My office is in the process of being redecorated and this seemed like a good opportunity to have a general clear out.
As part of this, I came across a couple of articles published in Litigation Funding magazine from February and April 2000.
These show the dangers of trying to make predictions about the future of litigation.
In one article, barrister Gordon Wignall was quoted as saying:
“There is no reason now why either clients or unsuccessful defendants should not challenge the validity of their opponents’ lawyers’ retainers. There are likely to be disputes over new-style funding arrangements for years to come.”
In the other article, solicitor Kerry Underwood was quoted as saying:
“Satellite litigation [over CFAs] won’t be a cottage industry it will be a palace industry. … Everyone who knows anything about this area knows how complicated it is. There isn’t a hope in hell of district judges arriving at reasoned decisions.”
19 years later, I bet they both feel pretty silly.
The Legal Services Board (LSB) is apparently minded to refuse the Cost Lawyer Standards Board’s (CLSB) proposals to introduce a new route of entry into the profession.
The LSB chief executive Neil Buckley said:
“Having considered the application and responses provided by the CLSB to a number of issues that the LSB has raised, the proposed changes continue to raise significant questions for the LSB and, as a result, we are considering refusing the application under paragraph 25(3) of schedule 4 to the [Legal Services] Act.”
Mr Buckley said the proposed approach to granting rights of audience appeared “inadequate” and to contradict the wider outcomes-focused approach of the CLCA:
“In particular, the proposal to allow for rights of audience to be gained through attendance at a one day training course, with no assessment, is at odds with the CLSB’s rationale for the CLCA, to shift away from an inputs based model and towards an outcomes-focussed assessment based model. The proposal would appear to set the bar considerably lower than other approved regulators in relation to awarding rights of audience. The CLSB has not presented sufficient evidence to justify this approach.”
It is not clear whether the LSB is aware that the majority of current Costs Lawyers gained their rights of audience through no more than attendance at a one or two-day training course with no assessment.
I wrote about this in 2011. At the time, I commented that:
“In relation to advocacy, the ACL has not set the bar too low. It never set one in the first place and shows no plans to do so in the future.”
The LSB appears to be concerned that the CLSB is now in danger of repeating the same error in relation to its new proposed qualification route.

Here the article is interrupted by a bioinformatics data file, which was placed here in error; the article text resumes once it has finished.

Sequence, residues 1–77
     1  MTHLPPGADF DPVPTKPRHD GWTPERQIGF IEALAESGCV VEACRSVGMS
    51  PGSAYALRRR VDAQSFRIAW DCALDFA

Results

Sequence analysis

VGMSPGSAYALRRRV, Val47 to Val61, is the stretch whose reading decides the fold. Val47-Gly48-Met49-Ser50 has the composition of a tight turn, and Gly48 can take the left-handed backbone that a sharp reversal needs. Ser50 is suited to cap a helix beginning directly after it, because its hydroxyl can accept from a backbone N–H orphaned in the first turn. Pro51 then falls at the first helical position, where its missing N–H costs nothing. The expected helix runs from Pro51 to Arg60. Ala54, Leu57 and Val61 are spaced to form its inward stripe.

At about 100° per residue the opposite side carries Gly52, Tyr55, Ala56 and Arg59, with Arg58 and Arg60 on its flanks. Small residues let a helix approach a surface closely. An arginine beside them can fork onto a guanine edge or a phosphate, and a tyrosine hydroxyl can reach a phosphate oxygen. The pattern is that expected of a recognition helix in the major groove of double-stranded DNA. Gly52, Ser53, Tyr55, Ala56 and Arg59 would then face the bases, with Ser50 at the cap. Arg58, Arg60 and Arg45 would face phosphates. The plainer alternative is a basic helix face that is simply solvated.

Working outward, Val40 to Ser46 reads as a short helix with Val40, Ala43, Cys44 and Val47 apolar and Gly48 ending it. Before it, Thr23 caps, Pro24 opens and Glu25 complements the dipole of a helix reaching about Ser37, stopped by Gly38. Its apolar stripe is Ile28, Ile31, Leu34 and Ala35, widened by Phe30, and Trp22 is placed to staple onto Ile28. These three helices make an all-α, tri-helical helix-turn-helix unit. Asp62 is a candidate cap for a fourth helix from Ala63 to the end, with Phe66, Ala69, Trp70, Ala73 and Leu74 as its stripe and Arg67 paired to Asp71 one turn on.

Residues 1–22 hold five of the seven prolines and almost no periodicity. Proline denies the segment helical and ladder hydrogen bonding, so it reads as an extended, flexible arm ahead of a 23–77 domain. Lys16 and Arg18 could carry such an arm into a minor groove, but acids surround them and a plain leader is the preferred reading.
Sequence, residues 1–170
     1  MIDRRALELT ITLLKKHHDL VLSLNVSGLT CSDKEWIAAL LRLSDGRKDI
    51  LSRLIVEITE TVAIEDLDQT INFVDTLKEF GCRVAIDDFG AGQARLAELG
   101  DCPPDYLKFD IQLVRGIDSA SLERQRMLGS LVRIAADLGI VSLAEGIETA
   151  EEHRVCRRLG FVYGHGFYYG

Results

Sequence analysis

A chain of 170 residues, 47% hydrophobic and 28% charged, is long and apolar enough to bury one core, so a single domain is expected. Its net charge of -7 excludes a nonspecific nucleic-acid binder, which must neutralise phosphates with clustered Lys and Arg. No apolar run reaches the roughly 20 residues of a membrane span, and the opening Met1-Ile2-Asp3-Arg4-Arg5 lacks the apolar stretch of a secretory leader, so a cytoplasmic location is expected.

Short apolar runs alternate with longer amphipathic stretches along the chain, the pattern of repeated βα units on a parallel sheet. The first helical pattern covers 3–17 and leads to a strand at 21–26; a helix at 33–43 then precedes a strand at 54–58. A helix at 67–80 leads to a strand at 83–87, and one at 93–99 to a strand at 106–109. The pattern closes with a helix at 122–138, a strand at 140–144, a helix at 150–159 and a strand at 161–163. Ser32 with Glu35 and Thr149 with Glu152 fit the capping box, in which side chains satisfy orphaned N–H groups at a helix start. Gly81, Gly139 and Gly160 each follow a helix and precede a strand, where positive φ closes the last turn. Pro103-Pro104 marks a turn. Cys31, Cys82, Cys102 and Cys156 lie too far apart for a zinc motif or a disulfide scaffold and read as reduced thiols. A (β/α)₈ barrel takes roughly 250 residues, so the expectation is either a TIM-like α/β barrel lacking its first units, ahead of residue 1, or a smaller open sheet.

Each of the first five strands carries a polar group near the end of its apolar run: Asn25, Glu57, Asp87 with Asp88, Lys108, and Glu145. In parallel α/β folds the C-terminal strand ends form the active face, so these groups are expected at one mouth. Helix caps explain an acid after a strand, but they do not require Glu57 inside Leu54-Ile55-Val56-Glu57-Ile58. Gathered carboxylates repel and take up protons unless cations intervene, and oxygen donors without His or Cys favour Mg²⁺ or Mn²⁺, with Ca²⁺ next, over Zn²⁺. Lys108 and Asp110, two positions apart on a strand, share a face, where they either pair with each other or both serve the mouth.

In relation to the old ACL training course, I wrote:
“There appear to be one of two ways of viewing this issue:
- Advocacy, at least in relation to detailed assessment proceedings, is something requiring little or no skill or experience. This includes costs appeals before High Court Judges and Circuit Judges. A level of “competence” can be achieved by those who may have had no previous advocacy experience in a 3 hour training session. Any form of initial or ongoing assessment is entirely unnecessary given how undemanding costs advocacy is. In this context, the ACL’s chairman’s comment that some of its members should be saying in big cases: ‘Don’t instruct a barrister. I can do this’ makes perfect sense. The ACL granting higher rights of audience as though they were handing out Smarties is nothing to be concerned about.
- Advocacy, at whatever level, is indeed a specialist skill that requires proper training and should be properly assessed. The ACL Costs Lawyer course should ensure that those standards have been met before granting higher rights of audience. The course is not fit for purpose.”
If the LSB is concerned that the proposed new training course is inadequate in respect to the granting of rights of audience, how does it judge the competency of many existing Costs Lawyers who achieved their rights of audience under the old ACL (one/two day) training route?
The Civil Litigation Brief blog contained an interesting post about the dangers of lawyers working on the move and being overheard discussing confidential client matters or allowing confidential information to be read over their shoulders or leaving legal papers behind.
The costs profession is not immune. Of the various examples given on Twitter:
“Absolutely correct. I once called to collect some files from a cost draftsman’s office. Manager greets me and says he’ll just get the files …. from his car. I almost had an apoplectic fit!” – Donna Beckett@BeckettandCo
“I once received a call from a bouncer of a London pub. Our cost draftsman had left one of our files there. Apparently it was a con with Counsel!” – Peter McKenna@PeterMcKenna2
When dealing with high value personal injury litigation, paying parties tend not to lose much sleep over the issue of whether VAT should be paid on the full amount of medical records fees, where the medical records are obtained through a medical reporting organisation (“MRO”), or whether VAT should only apply to the MRO’s administration fee.